Last week our Founder and Lead Architect, Ashleigh Clarke, sat down with the wonderful team at Sharvell Properties to discuss designing beautiful spaces in the Cotswolds and what to expect when working with an architect for their latest journal feature – Designing beautiful spaces in the Cotswolds – Q&A with Ashleigh Clarke Architects’
How would you describe your design philosophy?
Every architectural design is a balancing act between form and function. Essentially, we believe in creating spaces that are designed for living. We believe that buildings are homes as well as houses and we’re ambitious in our architecture but practical in approach. Our design philosophy combines what we believe are the essential elements of unique design, longevity, sustainability, bespoke, luxury detailing and function over form.
Talk us through your design process.
As a RIBA Chartered Practice, our process sits in accordance with the RIBA Plan of Work – the Industry-standard planning method that details each step of the process in a building, construction or design project. It can be daunting, but we have extensive experience and have a deeply collaborative approach with our clients and specialist consultants. During the briefing stage, we create the overall concept designs. The first and vital step is the initial call with our clients, followed by the initial site visit to meet the client and view the property or proposed site. The walk-through at our client’s home is a hugely important part of the process. It’s always a privilege to be invited into someone’s home and as we walk through, we can suggest new options for our clients to consider, and most importantly, we listen to their needs and wants.
As part of our process, we carry out a feasibility study, which confirms whether the project is possible from a structural or environmental point of view. We then present our preliminary costing with our fee proposal for our clients to review. We believe in allowing our clients plenty of time to take things into consideration, to really think about our proposal, and reach their own conclusion as to whether we’re the right fit for their project.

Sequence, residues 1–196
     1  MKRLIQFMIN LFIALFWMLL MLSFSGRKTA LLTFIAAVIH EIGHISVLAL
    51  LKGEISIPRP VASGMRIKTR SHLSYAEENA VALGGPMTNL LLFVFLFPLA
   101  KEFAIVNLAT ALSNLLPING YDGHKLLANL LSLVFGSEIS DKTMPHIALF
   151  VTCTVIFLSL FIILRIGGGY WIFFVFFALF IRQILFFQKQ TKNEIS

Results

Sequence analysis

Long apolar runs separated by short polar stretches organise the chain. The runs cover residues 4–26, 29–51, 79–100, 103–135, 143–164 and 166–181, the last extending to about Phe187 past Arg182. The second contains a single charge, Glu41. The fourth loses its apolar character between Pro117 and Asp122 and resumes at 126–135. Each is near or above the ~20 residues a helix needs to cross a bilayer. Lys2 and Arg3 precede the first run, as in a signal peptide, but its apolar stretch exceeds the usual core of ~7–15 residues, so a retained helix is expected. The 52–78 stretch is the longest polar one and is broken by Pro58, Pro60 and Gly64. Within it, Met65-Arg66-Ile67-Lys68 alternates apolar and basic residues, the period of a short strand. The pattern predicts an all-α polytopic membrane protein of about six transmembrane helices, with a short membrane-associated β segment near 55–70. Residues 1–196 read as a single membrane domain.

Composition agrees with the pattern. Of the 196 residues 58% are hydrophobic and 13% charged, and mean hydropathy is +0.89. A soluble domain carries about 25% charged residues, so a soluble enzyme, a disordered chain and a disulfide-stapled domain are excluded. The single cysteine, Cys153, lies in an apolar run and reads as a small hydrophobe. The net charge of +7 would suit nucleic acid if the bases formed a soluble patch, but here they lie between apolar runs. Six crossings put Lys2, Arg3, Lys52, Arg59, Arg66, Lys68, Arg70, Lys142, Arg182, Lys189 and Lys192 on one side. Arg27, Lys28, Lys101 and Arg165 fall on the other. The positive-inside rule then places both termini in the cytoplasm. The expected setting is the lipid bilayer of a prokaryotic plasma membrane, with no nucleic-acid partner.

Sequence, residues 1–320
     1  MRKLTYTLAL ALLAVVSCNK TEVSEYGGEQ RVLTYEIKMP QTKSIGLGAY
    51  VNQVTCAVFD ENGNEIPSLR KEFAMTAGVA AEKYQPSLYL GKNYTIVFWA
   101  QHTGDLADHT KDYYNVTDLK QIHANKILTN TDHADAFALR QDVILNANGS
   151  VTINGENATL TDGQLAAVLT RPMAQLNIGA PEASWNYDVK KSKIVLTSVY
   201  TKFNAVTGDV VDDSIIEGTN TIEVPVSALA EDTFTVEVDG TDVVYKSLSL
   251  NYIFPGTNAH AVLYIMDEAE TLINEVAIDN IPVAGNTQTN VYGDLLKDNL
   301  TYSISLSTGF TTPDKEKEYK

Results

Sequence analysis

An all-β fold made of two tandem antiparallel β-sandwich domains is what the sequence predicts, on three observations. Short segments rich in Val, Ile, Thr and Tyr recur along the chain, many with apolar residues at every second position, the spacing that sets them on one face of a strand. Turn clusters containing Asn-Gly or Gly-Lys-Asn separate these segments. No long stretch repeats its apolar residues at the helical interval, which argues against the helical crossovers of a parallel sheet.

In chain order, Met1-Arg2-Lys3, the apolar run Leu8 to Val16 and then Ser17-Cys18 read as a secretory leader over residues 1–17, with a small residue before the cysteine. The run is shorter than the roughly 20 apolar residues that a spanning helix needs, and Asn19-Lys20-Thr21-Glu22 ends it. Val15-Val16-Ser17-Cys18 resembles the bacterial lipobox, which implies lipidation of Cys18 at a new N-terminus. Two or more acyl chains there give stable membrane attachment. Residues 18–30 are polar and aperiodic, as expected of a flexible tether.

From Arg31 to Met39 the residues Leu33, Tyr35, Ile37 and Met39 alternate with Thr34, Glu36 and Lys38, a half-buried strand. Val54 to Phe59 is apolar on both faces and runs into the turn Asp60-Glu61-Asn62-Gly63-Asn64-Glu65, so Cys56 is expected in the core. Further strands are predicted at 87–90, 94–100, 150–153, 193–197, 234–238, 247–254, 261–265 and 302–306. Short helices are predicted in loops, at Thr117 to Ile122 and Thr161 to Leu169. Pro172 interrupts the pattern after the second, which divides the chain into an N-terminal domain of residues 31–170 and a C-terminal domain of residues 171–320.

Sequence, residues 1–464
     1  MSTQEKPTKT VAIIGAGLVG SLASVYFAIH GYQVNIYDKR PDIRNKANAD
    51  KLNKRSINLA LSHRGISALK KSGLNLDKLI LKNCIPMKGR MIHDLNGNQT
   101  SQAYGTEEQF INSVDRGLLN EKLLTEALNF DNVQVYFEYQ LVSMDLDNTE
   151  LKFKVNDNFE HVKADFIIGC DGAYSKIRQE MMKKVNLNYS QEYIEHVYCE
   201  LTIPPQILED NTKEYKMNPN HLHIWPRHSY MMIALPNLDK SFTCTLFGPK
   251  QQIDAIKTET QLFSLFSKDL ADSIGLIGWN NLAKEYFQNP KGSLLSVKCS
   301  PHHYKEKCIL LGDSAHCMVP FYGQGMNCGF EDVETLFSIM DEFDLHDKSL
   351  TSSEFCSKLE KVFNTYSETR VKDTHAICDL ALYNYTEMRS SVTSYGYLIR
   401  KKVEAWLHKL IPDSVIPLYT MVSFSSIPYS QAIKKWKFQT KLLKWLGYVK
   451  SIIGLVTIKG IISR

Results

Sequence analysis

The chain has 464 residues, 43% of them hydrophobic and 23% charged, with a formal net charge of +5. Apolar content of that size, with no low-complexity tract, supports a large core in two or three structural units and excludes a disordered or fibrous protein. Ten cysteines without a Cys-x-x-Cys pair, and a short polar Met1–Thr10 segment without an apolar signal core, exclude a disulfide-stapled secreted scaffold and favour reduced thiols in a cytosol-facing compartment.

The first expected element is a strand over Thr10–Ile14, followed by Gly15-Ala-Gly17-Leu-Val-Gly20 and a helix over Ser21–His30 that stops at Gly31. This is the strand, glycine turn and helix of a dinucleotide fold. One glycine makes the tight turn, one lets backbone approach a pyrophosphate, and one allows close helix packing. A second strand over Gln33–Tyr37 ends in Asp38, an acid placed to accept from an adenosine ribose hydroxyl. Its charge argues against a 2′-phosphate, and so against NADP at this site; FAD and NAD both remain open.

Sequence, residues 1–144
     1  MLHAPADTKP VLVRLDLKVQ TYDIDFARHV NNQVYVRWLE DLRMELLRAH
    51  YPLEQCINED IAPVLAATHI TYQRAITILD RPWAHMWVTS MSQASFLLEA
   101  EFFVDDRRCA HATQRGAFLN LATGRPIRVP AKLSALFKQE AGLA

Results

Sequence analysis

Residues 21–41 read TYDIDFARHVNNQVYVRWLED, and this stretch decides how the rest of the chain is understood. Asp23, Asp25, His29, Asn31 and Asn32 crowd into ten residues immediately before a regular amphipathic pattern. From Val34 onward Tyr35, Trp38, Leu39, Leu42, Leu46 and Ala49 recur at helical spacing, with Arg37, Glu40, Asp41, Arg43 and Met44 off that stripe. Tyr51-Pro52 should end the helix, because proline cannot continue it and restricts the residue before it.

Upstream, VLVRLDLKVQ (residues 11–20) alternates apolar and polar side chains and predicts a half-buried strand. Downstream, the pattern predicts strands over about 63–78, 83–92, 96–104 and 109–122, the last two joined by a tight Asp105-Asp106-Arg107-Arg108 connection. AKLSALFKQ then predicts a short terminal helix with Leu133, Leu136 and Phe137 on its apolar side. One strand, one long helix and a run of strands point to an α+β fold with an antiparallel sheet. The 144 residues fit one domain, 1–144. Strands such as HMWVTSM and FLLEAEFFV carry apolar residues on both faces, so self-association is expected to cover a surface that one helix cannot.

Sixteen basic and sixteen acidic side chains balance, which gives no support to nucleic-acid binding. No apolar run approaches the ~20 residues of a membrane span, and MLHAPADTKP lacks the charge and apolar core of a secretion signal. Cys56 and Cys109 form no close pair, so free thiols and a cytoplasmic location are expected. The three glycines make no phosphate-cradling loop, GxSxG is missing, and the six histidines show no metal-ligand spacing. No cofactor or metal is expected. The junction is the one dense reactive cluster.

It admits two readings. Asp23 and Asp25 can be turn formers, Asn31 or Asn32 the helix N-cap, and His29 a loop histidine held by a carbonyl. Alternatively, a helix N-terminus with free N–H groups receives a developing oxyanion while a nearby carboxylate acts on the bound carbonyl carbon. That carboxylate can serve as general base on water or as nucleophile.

Upon advice to proceed, we arrange the building and topographical survey which is followed by the presentation of our concept design. Once the survey’s been received, we draw up our full design proposals and continue through the stages of obtaining planning permission and building regulations.
What would be your biggest tip when choosing an architect to work with?
To go with your gut feeling. It’s a close, collaborative working relationship and architecture is about trust. As architects, we walk away at the end of the project, but the client will be living in that space every day. Trust and a collaborative approach need to be there right from the beginning. The project can be a long journey from start to finish so it’s important to find a working and friendly relationship knowing you can work well together.
It’s also important to find an architect with the right skill set and expertise who has worked on projects similar to yours that might require further considerations such as designing in a conservation area, the AONB, or experience working with listed buildings.
As the client, you should research the architect’s portfolio and make sure their work is in line with your ambitions for your house. It doesn’t have to be one design the architect has created on one house, there might be elements of several designs they’ve created which influence your decision. This is probably the starting point to narrow down your search for the right architect for you.
What’s your favourite part of the process when you’re working on a project?
Finding out what our clients love during the early part of the design process, putting pen to paper, overcoming challenges whilst designing and then without a doubt, seeing our designs come to life! We love the challenge of a new project and coming up with innovative, bespoke design solutions and of course seeing our clients happy in their dream home is always fantastic.
Tell us about a recent project.
We were commissioned by our clients to design an ambitious side and rear extension for their beautiful, detached home.
Our initial brief was very clear, and our clients were keen to use the newly-created additional space for a more spacious living and garden room which connected seamlessly with the garden and patio area.
Our clients loved the design from the first sketch, which allowed for the large living room with the fire that they requested to create a beautiful focal point. The large glazed panels on the rear of the property floods the interiors with natural light and are hidden away from the front elevation, allowing our clients to retain their privacy whilst also providing a real sense of indoor/outdoor living and connectivity to the new patio space and surrounding gardens.
On the front elevation, the house was beautifully balanced, and followed the roof pitch lines of the existing house. On the rear elevation, a flat roof was hidden and expanded the entirety of the side extension to allow for a large living space connected to the rear garden that you wouldn’t know is there.
We love how we achieved this large space which met our client’s needs but the feature we’re most proud of is the large full-width glazing and the glazed panel feature above the doors which provides a sleek contemporary design and carefully hides the flat roof behind. This contrast between contemporary and traditional design worked really well and provided a beautiful aesthetic.
What do you think makes a house a home?